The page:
9 / 12 / 2019
Christopher Patzke, Ph.D.
The Conditional Knockout Approach: Cre/Lox Technology in Human Neurons
Dr. Minmin Luo
The use of human pluripotent stem cells to model human diseases has become a new standard in biomedical sciences. To this end, patient-derived somatic cells are studied in vitro to mimic human pathological conditions. Particularly, the human synapse is involved in many congenital disorders, hence a systematic understanding of its function and structure is essential for the quest of therapies. In my presentation I describe as an experimental strategy the ‘Conditional Knockout Approach’ which allows to engineer disease-relevant mutations in human neurons. In combination with Cre/Lox technology, this method enables me to investigate the molecular causes of human diseases independent of the genetic background or of genetic alterations induced by clonal selection. I generated knockouts in human genes encoding for major neuronal and synaptic components including Munc18-1 (STXBP1), L1CAM, and Synapsin-1, which impact synaptic transmission, axon development, and synaptic plasticity, respectively. Strikingly, in the case of Synapsin-1 we uncovered a novel presynaptic mechanism of plasticity in human neurons: After stimulation by neuromodulators synapsins acutely and bi-directionally control in a cAMP-dependent manner the reserve pool size of synaptic vesicles in human neurons by acting downstream of neuromodulator G-protein coupled receptors for serotonin and noradrenaline.
Christopher Patzke studied Biology at the Freie Universität in Berlin and the École Normale Supérieure in Paris (1998-2004). During his PhD training and initial postdoc time (2004-2011) in the laboratory of Dr. Fritz Rathjen at the Max-Delbrück-Center in Berlin he investigated the role of cell adhesion in neuronal cells. Since January 2012, he works as a postdoctoral research associate at Stanford in the laboratory of Dr. Thomas Südhof and focuses on developing new neurobiological disease and research models by utilizing human pluripotent stem cell derived neurons.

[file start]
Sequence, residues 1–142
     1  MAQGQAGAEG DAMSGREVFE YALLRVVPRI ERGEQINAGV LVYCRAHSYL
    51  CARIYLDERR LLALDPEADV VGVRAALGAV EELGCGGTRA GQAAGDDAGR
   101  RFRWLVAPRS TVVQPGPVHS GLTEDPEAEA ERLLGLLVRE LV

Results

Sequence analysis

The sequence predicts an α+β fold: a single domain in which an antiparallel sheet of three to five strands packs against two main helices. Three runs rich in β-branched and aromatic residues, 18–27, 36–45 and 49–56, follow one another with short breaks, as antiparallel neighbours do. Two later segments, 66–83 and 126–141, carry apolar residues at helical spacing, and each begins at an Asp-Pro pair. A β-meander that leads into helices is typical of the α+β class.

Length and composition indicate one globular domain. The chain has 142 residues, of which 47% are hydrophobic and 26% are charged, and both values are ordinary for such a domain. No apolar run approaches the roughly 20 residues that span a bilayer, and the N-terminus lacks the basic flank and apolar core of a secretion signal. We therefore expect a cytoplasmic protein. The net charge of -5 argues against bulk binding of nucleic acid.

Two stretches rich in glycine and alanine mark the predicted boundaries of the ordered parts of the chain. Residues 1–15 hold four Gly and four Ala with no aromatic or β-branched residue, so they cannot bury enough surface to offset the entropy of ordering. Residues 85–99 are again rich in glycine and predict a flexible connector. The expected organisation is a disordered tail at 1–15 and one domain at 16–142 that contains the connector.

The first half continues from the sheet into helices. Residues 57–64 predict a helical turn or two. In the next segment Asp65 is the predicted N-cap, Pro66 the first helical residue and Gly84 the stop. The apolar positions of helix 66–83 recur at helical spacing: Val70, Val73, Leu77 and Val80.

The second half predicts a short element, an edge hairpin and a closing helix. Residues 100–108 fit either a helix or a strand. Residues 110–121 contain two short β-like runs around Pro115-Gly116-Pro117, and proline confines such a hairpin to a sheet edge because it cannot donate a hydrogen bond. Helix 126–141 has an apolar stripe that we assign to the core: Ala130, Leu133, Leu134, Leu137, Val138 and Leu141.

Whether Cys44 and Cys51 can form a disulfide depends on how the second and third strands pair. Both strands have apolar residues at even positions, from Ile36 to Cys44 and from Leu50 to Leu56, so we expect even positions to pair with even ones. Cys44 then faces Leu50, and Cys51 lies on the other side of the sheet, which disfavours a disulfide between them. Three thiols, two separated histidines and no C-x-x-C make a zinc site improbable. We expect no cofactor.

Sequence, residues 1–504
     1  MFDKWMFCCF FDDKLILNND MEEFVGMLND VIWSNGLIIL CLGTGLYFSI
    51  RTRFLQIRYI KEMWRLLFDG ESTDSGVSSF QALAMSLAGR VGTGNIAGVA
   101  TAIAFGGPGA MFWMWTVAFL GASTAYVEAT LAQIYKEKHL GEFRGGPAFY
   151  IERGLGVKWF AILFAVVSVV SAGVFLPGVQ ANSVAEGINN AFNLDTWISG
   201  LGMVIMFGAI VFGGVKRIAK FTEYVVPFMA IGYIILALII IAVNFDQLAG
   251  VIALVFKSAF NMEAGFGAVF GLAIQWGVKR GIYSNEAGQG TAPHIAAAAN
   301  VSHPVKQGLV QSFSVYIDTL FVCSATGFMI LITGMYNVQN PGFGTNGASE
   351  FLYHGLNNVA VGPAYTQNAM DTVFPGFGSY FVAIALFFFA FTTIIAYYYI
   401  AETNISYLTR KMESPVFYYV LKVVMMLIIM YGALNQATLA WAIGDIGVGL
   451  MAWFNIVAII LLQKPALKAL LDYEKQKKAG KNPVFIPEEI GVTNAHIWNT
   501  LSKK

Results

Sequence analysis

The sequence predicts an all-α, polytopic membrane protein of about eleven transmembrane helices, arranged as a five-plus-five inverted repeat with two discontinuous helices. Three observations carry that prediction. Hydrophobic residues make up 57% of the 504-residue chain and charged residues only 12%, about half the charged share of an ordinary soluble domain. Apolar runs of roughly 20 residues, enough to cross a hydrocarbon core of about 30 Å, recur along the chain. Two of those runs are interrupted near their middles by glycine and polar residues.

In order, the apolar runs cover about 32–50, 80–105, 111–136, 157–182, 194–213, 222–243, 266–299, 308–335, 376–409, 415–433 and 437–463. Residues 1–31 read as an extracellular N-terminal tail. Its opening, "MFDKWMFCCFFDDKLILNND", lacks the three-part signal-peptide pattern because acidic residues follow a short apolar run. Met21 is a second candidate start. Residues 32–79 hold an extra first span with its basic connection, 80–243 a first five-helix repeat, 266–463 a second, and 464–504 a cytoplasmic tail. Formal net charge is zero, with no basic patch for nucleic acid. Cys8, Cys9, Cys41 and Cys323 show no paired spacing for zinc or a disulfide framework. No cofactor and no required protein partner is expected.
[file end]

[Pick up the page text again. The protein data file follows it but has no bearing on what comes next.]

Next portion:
Initially in his work, Christopher helped developing and characterizing stem cell derived human neurons generated by overexpressing a single transcription factor (Neurogenin-2). Subsequently, he sought ways of applying these induced human neurons for disease modelling. In particular, he established a truly isogenic platform by combining cre/lox technology with induced neurons. This conditional knockout approach allows to study disease-relevant candidate mutations in a controlled genetic background, because mutant and wild type cell are derived from the same cell population of healthy stem cells.
He has successfully engineered heterozygous and homozygous mutant stem cell lines for Munc18-1 (STXBP1), a member of the SM-protein family, essential for synaptic vesicle fusion. Heterozygous mutations lead to a severe form of early infantile epileptic encephalopathy, namely Ohtahara Syndrome. Christopher’s work demonstrated that Munc18-1 deletions in a healthy genetic background leads to decreased synaptic transmission. Moreover, he generated conditionally hemizygous mutants for L1CAM and Synapsin-1, two X-chromosomal genes linked to severe intellectual disabilities and epilepsy. In the case of L1CAM, an immunoglobulin-domain containing cell adhesion molecule, he was able to reveal a new phenotype in loss-of-function mutant neurons: The decreased excitability of these neurons, due to an impaired axonal development, represents an underappreciated phenotype, which likely contributes to the disease pathology of L1-syndrome patients. In his main project, the Synapsin-1 conditional knockout, Christopher can compellingly show, that the presynaptic phosphoprotein Synapsin acts down-stream of neuromodulators such as Norepinephrine or Serotonin, as a bidirectional cAMP-dependent regulator of the synaptic vesicle pool size.
Combining technologies, such as genetic engineering, cell imaging, biochemistry, brain organoid cultures and physiology, he generates and studies Cre/Lox conditionally mutated human neurons, allowingin vitro analyses of cellular processes independent of the genetic background or genetic alterations induced by clonal selection. His main goal is to answer questions about the molecular underpinnings of human biology and pathology mechanisms in neurodevelopmental and neuropsychiatric disorders.